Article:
Oxygen’s Snapped true crime show to put spotlight on local 1990 homicide of Wisconsin social worker | Local News



Connie Reyes is pictured here smiling.


Submitted

KENOSHA – A 1990 local murder featured on Sunday on the True Crime TV show “Snapped”.

The murder of social worker Concepcion “Connie” Reyes, 57, on April 14, 1990 remained unsolved for 13 years before any clue led to the arrest and conviction of those responsible.

Numerous people linked to the case were interviewed for the show, including Connie’s two nieces, Veronica Reyes and her sister, Eliza Gillespie.

The interviews for the show took place in a briefing room at a Kenosha hotel and included former law enforcement officers as well as the former Kenosha District Attorney working on the case.

Those interviewed for the show said it would air on Sunday, October 31st at 8 p.m. on the Oxygen channel.



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Lynn Copen, then director of Kenosha County’s Victim Witness Program and a friend of Connie Reyes, responds to news released at a March 2003 press conference about Reyes’ murder 13 years ago. At right is Julie King, another social worker.


Lee Newspapers file photo

“It was very hard to be interviewed and to talk about events that happened,” Veronica said in an interview about her experience of being interviewed for the show. “It brings back all the emotions from so long.”

Veronica Reyes was 18 years old when her aunt was murdered.

The Reyes family have always been very close. Connie’s brother Paul Reyes came to the United States from the Philippines in 1978 and the entire family of five lived with Connie for a few months as she was their sponsor, Veronica explained.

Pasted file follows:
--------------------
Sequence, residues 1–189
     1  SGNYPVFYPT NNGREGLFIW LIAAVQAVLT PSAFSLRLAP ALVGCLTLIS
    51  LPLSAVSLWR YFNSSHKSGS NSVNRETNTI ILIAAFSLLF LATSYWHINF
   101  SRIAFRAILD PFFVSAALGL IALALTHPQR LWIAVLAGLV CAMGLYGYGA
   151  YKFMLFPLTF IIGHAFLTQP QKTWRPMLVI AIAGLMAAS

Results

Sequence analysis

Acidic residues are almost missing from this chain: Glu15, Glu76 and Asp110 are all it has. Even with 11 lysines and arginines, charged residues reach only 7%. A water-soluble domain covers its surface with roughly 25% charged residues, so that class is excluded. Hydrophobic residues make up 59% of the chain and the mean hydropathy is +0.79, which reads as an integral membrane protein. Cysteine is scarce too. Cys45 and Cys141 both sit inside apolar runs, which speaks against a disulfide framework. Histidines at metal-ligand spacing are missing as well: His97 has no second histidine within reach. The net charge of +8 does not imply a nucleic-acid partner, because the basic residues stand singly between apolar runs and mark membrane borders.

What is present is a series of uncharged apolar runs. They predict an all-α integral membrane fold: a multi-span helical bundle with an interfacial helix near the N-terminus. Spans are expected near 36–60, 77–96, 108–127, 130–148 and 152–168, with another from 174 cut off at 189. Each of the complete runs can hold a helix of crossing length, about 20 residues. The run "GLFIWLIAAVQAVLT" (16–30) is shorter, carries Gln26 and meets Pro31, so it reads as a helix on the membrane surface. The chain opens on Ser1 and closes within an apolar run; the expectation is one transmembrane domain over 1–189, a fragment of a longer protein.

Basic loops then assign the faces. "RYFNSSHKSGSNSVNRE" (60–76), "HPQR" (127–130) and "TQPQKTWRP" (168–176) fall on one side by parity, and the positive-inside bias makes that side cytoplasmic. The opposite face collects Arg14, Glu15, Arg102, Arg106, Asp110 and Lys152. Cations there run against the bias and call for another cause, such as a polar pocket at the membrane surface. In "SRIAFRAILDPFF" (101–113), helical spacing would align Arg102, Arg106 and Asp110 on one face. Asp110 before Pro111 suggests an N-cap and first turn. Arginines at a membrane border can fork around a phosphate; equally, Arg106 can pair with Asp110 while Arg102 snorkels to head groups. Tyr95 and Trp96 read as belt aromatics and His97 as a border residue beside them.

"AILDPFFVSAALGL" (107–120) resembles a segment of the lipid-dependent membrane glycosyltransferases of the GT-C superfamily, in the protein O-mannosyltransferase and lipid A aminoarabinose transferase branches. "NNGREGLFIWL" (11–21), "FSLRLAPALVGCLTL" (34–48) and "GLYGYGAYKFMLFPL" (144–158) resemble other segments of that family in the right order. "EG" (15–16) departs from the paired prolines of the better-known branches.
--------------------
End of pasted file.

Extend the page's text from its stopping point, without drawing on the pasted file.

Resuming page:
She added that Paul and Connie had stayed very close so the family continued to celebrate the holidays with her. She said the trauma resulting from the loss of a loved one to murder is different from the loss of a loved one to some other cause, such as an accident or illness.

“You watch all these series about murders on TV, but when it’s in your life it’s tough,” Veronica said. “It was tough for all of us.”

For days after being interviewed for the show, Veronica continued to feel emotional.

At first she wasn’t sure if she wanted to take part in the program at all. Now she has not yet made up her mind whether she will watch the episode or not.

“I’m not sure,” she said. “I probably will, but I’m torn.”

She added that she was nervous because she didn’t know how her aunt’s story was presented on the show or what they were going to talk about.

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The last time Connie Reyes was seen alive was on Thursday April 12, 1990 when she left work prematurely because she was unwell.

Two friends stopped by Connie’s house on Saturday to check on her. They found her dead. She had been beaten, strangled, and sexually assaulted.

It was a difficult case from the start. Reyes has been described as a person with no enemies, and her neighbors noticed nothing out of the ordinary in their home that Easter weekend in 1990.